Letter: Dayton's bad budget - it's in the detailsLast week, Gov. Mark Dayton released his plan to address the state’s $6.2 billion budget deficit. The plan raises $3.35 billion in new taxes, includes a 22.3 percent increase in General Fund spending, and adds two of the highest income tax rates in the nation.
By: Dist. 22 Sen. Doug Magnus, R-Slayton, Worthington Daily Globe
Last week, Gov. Mark Dayton released his plan to address the state’s $6.2 billion budget deficit. The plan raises $3.35 billion in new taxes, includes a 22.3 percent increase in General Fund spending, and adds two of the highest income tax rates in the nation.
Here are a few details of the governor’s plan:
- The largest tax increase ever proposed in state history.
- Closing corporate and other “tax loopholes.”
- Health care surcharges including the “Granny Tax,” a Medical Assistance surcharge for nursing homes.
- Proposes spending $37 billion — a 22 percent increase in FY 2012-13.
- Claims to cut $1 billion in spending, but the actual net reduction is only $485 million.
- Cuts health care coverage for 7,200 low-income Minnesotans on MinnesotaCare.
- Cuts 2 percent of funding to nursing homes and 4.5 percent to homes for those with disabilities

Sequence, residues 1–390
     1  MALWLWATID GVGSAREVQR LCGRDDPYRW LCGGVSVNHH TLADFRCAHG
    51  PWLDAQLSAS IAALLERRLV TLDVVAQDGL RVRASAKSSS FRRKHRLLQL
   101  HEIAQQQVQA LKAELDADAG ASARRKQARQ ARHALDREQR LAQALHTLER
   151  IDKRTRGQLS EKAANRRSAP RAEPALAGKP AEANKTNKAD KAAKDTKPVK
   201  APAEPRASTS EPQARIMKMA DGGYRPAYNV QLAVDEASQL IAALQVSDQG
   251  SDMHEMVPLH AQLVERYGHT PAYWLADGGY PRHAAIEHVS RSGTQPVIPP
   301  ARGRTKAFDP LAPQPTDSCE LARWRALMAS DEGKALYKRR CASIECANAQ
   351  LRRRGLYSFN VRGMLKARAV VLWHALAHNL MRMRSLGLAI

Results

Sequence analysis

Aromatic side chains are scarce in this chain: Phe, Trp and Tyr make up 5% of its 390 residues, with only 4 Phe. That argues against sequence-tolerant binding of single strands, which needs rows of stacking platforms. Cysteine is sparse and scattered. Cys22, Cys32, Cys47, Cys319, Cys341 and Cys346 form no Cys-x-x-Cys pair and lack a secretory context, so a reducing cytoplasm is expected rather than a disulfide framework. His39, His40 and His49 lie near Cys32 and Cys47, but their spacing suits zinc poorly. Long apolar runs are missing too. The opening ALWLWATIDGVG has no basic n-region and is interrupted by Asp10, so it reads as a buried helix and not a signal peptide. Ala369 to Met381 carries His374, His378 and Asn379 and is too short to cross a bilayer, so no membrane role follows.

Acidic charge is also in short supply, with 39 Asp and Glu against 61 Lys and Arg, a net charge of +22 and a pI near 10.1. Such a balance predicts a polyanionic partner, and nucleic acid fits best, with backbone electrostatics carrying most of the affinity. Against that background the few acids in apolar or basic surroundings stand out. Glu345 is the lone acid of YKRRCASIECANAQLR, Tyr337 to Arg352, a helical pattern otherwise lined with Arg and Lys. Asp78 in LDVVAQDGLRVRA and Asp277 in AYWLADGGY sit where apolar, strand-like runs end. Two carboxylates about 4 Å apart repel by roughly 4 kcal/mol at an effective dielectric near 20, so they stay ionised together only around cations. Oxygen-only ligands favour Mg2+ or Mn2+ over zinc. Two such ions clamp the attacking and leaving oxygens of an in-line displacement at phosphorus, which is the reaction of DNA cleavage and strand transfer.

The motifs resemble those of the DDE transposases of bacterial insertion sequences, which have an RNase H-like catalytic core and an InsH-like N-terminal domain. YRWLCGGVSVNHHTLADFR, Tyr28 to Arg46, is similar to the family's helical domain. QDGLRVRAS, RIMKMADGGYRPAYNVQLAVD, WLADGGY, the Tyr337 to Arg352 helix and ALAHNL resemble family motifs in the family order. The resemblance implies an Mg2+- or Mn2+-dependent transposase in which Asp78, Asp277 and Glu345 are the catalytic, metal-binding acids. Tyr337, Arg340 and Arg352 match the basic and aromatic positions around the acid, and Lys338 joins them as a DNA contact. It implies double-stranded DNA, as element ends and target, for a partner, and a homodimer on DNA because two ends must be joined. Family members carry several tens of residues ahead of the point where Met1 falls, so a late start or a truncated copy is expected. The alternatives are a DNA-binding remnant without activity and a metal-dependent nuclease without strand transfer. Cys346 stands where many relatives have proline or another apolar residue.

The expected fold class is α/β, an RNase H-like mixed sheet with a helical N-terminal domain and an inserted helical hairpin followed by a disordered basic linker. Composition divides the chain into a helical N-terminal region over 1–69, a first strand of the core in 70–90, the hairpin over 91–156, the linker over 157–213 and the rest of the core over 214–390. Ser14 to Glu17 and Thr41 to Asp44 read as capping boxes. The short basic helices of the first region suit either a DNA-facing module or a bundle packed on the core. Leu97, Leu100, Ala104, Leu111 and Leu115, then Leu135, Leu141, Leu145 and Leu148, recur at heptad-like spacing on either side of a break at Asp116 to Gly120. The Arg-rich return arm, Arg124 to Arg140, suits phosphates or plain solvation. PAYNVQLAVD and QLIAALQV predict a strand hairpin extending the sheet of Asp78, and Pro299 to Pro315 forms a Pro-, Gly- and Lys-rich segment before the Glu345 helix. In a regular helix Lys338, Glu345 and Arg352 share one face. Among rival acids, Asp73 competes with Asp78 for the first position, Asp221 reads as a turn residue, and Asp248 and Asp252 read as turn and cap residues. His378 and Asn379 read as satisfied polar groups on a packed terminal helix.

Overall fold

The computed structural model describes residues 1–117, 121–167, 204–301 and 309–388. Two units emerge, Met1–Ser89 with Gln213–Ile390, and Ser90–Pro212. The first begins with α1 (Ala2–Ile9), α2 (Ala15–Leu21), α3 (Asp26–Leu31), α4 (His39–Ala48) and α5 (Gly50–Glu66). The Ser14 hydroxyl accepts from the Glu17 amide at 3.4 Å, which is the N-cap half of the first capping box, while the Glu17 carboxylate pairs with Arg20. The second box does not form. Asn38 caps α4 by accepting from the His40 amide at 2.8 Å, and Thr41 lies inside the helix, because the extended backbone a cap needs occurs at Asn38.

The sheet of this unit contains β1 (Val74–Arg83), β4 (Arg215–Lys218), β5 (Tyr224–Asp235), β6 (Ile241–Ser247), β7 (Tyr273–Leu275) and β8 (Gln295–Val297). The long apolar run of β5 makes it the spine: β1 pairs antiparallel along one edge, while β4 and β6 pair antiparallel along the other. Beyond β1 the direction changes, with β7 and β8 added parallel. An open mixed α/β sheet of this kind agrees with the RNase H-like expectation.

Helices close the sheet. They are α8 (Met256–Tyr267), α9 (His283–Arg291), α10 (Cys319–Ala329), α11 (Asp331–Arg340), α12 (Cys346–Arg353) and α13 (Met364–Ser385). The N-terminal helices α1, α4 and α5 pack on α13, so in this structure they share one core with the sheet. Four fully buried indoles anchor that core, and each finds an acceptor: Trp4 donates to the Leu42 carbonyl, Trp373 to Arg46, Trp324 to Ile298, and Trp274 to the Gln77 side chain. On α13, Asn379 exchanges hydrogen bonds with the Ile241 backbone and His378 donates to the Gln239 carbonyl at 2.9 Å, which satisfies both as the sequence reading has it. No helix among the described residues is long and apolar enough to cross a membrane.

Gov. Dayton’s budget hits rural Minnesota especially hard with significant cuts to nursing homes and group homes. Minnesota’s border regions will also suffer from a loss of economic development due the competitive tax rates of neighboring states.
Green Acres fix headed to full Senate Vote: The Senate Tax Committee approved a plan that fixes the problematic Green Acres program, sending it to the full Senate. Senate File 222 calls for modifications to the Minnesota Rural Preserve program. Under the proposal, the eight-year irrevocable covenant and the conservation plan will no longer be required to qualify as rural preserve. The three-year tax payback for landowners who leave the program remains.
Rural preserve is the category for land that is attached to agricultural land but is not in production. The Rural Preserve program has been a source of frustration, confusion and irregularity since its introduction in 2009. This bi-partisan solution recognizes that farmland is farmland-and there is no ‘non-productive’ land. This will make it simpler and easier for farmers and the agriculture community to remain protected from unnecessary property tax increases.
Local government sales tax relief: A group of lawmakers are proposing legislation that will give additional relief to Minnesota cities concerned about potential cuts to local government aid (LGA). The measure would allow them to keep more of their own money, rather than paying some in sales tax and hoping for its return in state aid. Currently, most sales to local units of government including cities, counties and townships in Minnesota are taxable. This bipartisan proposal would repeal the sales and use tax liability for cities, counties and townships.
Coming up: This week, Senate Committees will continue to hear budget recommendations from agency commissioners throughout the week. Later in the week, the Finance Committee will hear two bills that work to reform the state’s health care delivery system.